John Dryden – “Epigram on Milton”, “Alexander’s Feast”

“Epigram on Milton” is, as befitting an epigram, a very short poem linking Milton to two great epic poets of the past, Homer and Virgil. The first is unsurpassed in loftiness of thought, the second in majesty, and since Nature could not go any further in any of these qualities, in creating Milton she combined the two.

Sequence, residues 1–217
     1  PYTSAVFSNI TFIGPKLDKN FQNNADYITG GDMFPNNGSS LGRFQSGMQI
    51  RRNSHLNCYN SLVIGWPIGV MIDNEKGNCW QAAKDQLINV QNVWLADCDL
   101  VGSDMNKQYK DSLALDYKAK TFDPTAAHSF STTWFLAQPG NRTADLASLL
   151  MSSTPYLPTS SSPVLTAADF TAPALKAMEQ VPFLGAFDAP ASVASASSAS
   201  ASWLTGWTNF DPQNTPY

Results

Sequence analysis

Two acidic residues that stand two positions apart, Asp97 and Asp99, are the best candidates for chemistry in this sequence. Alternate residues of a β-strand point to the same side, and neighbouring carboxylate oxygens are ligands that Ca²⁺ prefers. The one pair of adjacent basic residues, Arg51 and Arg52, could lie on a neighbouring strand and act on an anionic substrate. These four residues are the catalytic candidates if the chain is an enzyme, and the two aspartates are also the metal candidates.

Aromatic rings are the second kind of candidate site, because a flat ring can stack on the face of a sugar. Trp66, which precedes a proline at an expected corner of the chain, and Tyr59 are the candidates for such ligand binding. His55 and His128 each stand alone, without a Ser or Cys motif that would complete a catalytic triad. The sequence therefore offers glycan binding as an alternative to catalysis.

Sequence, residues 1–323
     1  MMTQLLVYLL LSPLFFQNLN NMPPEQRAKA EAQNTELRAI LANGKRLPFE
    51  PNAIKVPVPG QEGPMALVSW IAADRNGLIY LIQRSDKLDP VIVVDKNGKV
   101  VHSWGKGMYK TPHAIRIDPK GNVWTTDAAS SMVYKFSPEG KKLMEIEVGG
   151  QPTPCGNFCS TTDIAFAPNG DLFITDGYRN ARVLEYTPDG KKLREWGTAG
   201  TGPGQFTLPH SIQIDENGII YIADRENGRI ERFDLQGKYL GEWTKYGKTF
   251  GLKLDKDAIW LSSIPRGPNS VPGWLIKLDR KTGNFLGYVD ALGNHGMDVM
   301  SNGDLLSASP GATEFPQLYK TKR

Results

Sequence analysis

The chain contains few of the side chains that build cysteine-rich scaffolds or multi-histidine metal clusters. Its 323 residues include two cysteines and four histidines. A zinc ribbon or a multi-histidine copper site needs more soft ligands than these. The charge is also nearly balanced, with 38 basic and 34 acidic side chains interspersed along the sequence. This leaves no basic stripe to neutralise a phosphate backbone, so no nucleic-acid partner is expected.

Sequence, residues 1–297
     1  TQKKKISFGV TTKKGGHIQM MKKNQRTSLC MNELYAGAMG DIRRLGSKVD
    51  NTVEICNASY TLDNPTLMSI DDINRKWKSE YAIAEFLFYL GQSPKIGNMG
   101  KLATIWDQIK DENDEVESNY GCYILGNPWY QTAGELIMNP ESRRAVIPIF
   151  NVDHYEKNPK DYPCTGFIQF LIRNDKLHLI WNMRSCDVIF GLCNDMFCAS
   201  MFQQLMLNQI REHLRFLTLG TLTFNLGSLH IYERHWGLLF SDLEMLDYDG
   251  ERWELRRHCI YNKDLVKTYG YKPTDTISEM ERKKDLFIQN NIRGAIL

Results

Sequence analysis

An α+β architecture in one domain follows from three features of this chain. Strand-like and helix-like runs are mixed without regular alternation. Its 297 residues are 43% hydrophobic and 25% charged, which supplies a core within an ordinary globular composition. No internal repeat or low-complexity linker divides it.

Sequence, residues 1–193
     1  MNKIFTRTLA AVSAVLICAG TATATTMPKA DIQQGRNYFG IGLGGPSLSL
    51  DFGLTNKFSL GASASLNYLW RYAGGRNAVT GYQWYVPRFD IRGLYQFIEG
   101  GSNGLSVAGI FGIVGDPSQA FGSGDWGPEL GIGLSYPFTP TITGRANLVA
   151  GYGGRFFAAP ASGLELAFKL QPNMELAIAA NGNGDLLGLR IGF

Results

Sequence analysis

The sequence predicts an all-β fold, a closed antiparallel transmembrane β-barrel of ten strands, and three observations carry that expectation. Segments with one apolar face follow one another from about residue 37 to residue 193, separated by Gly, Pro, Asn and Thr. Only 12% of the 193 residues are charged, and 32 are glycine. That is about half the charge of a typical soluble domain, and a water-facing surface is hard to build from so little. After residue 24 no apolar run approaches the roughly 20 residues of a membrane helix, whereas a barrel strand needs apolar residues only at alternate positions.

“Alexander’s Feast” is another of these odes on St Cecilia’s Day, and again it has a musical setting by Handel. It’s a longer poem and so the resulting musical piece is a full-blown oratorio, so it’s more of a time commitment and for this reason I did the unpardonable thing – I broke it in two. So far it’s not as impressive as the previous one, IMHO, but maybe it’s precisely because I didn’t listen it properly from the start till the end. The poem is about Alexander celebrating with his mistress Thais his victory over Persians. There is a big party and the singer Timotheus sings a song about the legendary divine origin of Alexander, who according to an oracle was not the son of Philip but of Zeus himself, who visited his mother as a dragon. The listeners exclaim “A present deity!” and Alexander nods, pleased with the flattery. The next part of Timotheus’ song is about the god of wine Bacchus, who arrives greeted by the sounds of trumpets and hautboys (both instruments, I am sure, unknown in antiquity), but it gives the composer an opportunity for some fine musical effects. Wine-drinking is praised as “the soldier’s pleasure” because “sweet is pleasure after pain”.

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